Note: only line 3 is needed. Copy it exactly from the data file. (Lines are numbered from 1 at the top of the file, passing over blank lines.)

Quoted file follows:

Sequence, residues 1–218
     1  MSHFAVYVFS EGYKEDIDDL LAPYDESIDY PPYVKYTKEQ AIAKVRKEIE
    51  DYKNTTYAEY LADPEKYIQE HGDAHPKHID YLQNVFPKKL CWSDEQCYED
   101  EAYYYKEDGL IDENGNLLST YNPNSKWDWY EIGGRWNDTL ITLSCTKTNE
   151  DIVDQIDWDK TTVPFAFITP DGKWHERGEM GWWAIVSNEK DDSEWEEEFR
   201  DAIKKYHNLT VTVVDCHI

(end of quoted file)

    51  DYKNTTYAEY LADPEKYIQE HGDAHPKHID YLQNVFPKKL CWSDEQCYED